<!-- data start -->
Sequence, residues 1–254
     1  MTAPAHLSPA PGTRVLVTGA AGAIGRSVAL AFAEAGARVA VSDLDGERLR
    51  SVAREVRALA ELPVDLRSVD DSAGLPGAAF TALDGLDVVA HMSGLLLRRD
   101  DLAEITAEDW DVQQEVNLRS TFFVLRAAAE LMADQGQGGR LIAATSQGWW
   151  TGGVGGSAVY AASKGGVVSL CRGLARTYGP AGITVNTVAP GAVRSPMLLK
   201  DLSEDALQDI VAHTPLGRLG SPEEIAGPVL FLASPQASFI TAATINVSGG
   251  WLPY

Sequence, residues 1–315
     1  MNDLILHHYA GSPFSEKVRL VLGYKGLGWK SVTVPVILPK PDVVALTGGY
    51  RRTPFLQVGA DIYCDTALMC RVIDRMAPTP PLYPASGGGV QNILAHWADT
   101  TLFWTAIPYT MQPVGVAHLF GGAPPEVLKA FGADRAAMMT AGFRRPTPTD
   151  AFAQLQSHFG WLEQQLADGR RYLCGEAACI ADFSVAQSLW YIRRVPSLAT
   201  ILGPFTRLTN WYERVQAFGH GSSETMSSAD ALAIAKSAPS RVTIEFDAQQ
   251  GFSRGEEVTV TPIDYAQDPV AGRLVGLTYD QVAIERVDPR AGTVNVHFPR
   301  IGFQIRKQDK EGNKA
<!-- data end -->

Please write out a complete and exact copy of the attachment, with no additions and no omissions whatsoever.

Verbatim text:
Sequence, residues 1–254
     1  MTAPAHLSPA PGTRVLVTGA AGAIGRSVAL AFAEAGARVA VSDLDGERLR
    51  SVAREVRALA ELPVDLRSVD DSAGLPGAAF TALDGLDVVA HMSGLLLRRD
   101  DLAEITAEDW DVQQEVNLRS TFFVLRAAAE LMADQGQGGR LIAATSQGWW
   151  TGGVGGSAVY AASKGGVVSL CRGLARTYGP AGITVNTVAP GAVRSPMLLK
   201  DLSEDALQDI VAHTPLGRLG SPEEIAGPVL FLASPQASFI TAATINVSGG
   251  WLPY

Sequence, residues 1–315
     1  MNDLILHHYA GSPFSEKVRL VLGYKGLGWK SVTVPVILPK PDVVALTGGY
    51  RRTPFLQVGA DIYCDTALMC RVIDRMAPTP PLYPASGGGV QNILAHWADT
   101  TLFWTAIPYT MQPVGVAHLF GGAPPEVLKA FGADRAAMMT AGFRRPTPTD
   151  AFAQLQSHFG WLEQQLADGR RYLCGEAACI ADFSVAQSLW YIRRVPSLAT
   201  ILGPFTRLTN WYERVQAFGH GSSETMSSAD ALAIAKSAPS RVTIEFDAQQ
   251  GFSRGEEVTV TPIDYAQDPV AGRLVGLTYD QVAIERVDPR AGTVNVHFPR
   301  IGFQIRKQDK EGNKA